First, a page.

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No. 2—09—0833 Opinion iled March 31, 2011 - page 19 / 24





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No. 2—09—0833

arguing that the impoundment was unreasonable because the of icer should have pursued less

intrusive alternatives to facilitate the removal of the vehicle.

Defendant cites People v. Young, 363 Ill. App. 3d 268 (2006), for the proposition that, before

conducting the inventory search, the officer should have attempted to cure the conditions that had

mandated the impoundment. In Young, a car was pulled over for a minor traffic violation, and the

driver was arrested for driving with a suspended license. The officer summoned a tow truck but did

not tell the driver or Young, who was a passenger. Before the tow truck arrived, the of icer

performed an inventory search and found marijuana in the trunk. Young admitted that the drugs were

his. A ter Young was arrested, another passenger in the car told the of icer that he had a valid

license. The of icer canceled the tow and allowed the passenger to drive the vehicle from the scene.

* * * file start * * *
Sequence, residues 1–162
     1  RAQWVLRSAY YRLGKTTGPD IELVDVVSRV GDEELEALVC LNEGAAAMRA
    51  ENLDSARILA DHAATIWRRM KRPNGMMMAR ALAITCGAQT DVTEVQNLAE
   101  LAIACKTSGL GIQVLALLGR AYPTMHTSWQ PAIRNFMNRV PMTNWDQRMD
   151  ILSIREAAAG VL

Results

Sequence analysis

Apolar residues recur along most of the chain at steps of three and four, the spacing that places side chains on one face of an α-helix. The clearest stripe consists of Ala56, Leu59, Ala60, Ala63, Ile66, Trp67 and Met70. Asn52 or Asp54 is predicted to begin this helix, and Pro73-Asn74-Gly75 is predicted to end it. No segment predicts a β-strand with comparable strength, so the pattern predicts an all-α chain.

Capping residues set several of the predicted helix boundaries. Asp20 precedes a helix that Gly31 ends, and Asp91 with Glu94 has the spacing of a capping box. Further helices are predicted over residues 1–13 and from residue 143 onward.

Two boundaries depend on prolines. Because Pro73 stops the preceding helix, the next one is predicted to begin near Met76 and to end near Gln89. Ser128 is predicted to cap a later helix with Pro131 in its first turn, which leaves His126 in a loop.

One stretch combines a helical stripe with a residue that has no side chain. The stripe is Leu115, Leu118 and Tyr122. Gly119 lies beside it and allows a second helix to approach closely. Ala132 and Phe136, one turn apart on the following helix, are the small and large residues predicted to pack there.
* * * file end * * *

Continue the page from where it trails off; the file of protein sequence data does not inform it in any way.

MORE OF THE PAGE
Young, 363 Ill. App. 3d at 269. Young argued that, before inventorying the car, the officer should

have asked Young and the other passenger if either could legally remove the car to avoid


At the suppression hearing, the officer testified that the State Police policy on inventory

searches calls for towing and searching a vehicle if none of the occupants is a licensed driver, and the

State argued that the policy did not require the officer to investigate whether a licensed driver was

present before searching the vehicle. The Appellate Court, Third District, disagreed, holding that the

policy must inherently contain such a requirement. Young, 363 Ill. App. 3d at 270. The court

concluded that an officer must ask the passengers because “[i]t is unreasonable to assume that

passengers will automaticallyand affirmatively volunteer that they are licensed drivers. If of icers do

not query other occupants of the vehicle, the policy would have little meaning.” Young, 363 Ill. App.

3d at 271. The appellate court af irmed the trial court’s suppression order, concluding that, once the

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